How do you know if your communication is effective?
We all know that communication is vital within organisations and for leaders and managers it is a key skill to ensure we engage, inform and support our teams. So how do we know if our communication is effective and what can we do about it?
Why should we evaluate our communication?
When communicating we should consider evaluating how effective it is – this involves making a judgement on how effective that communication is. But why?
To Improve future effectiveness – if we see receiving feedback about our communications as a chance to learn then there is the opportunity to develop and improve.
To improve audience engagement – feedback about our communications may provide insight into how engaged stakeholders are with the information they receive.
To make strategic and tactical adjustments – organisations have broader corporate messages they want to get across about the type of organisation they are, the values of the organisation, its mission and so on.
To ensure efficient use of resources – communicating uses resources, whether that is the people who communicate on an organisation’s behalf, the money spent on communications or the equipment used to communicate.
How can we evaluate our communication?
In order to make a judgement we need to develop a criteria to measure it against so that it makes your judgement more objective and fair.For example, if you were to say that sending emails is ineffective, why? What makes you say that? What are you using to form your judgement?
Therefore, we should develop criteria that is important to us. For example:
If we can judge the effectiveness of a form of communication on its speed, or whether it generates further delays, it will help us to understand whether it is effective in a particular situation. We can develop a criterion to help us do this such as:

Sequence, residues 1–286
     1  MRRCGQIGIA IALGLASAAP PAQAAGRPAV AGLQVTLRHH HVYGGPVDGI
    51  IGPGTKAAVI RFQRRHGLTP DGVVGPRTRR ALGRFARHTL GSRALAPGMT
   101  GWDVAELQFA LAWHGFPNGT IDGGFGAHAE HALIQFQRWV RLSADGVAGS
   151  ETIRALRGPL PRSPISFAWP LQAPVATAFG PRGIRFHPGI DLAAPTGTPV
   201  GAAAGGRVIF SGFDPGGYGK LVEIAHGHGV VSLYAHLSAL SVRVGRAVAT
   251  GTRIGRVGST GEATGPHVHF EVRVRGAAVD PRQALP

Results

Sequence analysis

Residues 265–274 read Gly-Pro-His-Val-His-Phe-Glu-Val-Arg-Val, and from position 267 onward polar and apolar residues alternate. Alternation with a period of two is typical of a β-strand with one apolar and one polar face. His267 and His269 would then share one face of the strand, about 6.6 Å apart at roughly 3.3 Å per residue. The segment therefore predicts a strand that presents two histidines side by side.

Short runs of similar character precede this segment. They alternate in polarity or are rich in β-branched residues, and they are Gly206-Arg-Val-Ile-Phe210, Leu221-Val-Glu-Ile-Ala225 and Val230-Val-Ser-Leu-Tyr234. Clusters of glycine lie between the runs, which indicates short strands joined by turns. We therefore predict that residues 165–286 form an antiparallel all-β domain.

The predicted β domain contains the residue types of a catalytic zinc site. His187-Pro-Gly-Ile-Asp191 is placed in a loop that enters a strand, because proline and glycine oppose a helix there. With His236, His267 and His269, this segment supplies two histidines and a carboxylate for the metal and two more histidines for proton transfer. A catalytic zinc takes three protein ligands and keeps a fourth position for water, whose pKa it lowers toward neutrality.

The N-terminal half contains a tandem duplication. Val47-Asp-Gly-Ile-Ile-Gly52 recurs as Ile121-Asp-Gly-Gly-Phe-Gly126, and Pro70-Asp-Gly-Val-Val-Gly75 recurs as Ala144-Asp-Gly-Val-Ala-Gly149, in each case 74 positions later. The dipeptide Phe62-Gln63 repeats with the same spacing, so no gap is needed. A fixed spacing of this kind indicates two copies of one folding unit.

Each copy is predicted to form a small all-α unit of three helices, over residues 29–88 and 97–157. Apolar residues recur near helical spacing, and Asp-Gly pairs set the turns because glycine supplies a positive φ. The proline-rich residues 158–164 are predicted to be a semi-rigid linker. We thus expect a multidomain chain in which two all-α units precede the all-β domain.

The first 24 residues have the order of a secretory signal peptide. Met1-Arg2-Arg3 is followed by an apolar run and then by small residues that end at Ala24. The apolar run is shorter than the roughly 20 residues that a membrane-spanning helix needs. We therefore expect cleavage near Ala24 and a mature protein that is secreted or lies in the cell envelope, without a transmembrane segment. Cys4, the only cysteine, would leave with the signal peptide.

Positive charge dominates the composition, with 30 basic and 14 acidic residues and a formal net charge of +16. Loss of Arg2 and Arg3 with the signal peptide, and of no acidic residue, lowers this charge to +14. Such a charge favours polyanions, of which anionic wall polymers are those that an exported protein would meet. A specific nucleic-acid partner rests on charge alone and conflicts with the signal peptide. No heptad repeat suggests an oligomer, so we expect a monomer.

‘Does this form of communication consistently deliver the information on time and avoid unnecessary delays?’
In order to make a judgment we now need some evidence to judge the form of communication against. Evidence would be examples of actual situations at work that can be judged against the criteria. What examples are there of communicating with this form/technique, in different situations that can be judged against criteria? For example:
‘The last two incidences have resulted in emails not being picked up by the client and although we made the initial contact in plenty of time, we have had to chase a reply.’
Against this criterion we can judge that this form of communication is not fully effective. Yes, it delivers the initial request quickly but despite this, delays are still incurred.
Once we have evaluated this method it then allows us to address this and find ways to improve this form of communication. For example:
Place a call to the client before sending the email, or share diaries?
It is key that we evaluate our methods of communication so that we can judge if our communication is effective as it could be, and if it isn’t, make changes so that it can be.
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